And some funny little things in here, little poems, like "Go" - "Push that little/thing up and the/other right down,/It'll work" (a description of the universe, or sex, or a little toy  "Go" ( I think he's got children, (he's got) six kids (so he's been in this situation, I guess, a lot") "Push that little/thingp and the/other right down,/It'll work"  - "Memories" ( "Hello, duck/in yellow/ cloth stuffed from/inside out,/little pillow" (maybe a little something he remembers from childhood or something he got given as a kid) -  - "Lovers" ("Remember? as  kids/we'd looked in crypt/had we fucked/ we walked a Saturday/in cemetery it/was free the flowers/the lanes we looked/in past the small/barred window into/dark of tomb when/it looked out at us/face we saw white/looking out at us/inside the small/room was it man/who worked there dead/person's fraught skull?" - (That's a New England vision! )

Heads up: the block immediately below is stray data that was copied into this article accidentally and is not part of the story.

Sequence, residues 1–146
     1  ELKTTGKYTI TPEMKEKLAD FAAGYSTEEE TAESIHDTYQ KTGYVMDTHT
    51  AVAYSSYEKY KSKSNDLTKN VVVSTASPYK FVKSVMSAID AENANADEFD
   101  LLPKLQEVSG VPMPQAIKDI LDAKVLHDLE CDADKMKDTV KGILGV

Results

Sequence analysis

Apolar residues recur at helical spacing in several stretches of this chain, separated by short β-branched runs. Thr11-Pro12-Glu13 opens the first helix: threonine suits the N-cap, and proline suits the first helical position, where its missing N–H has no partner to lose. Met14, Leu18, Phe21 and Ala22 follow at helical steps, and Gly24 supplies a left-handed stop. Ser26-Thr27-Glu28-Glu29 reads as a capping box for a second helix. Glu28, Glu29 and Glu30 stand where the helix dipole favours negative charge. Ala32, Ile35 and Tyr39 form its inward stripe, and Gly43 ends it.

ok. that's some of Robert Creeley. So Robert's reading tonight (reading new works, I guess).


[Gregory Corso (1930-2001)]

I'd like to get on to a couple of little poems of Gregory Corso , the un-well-known as Kerouac is well-known - (Gregory doesn't get around that much) - "The Last Gangster"
[Allen breaks off - "Who's the host here? What time does the class begin and end?" - He's told to "go right ahead" - "Pardon me? No, my question was what time did the class begin and  formally end?. It's a quarter-to now, so we should end in five minutes right? - is that correct?   (And) if anybody wants to hang around I'll continue a bit..]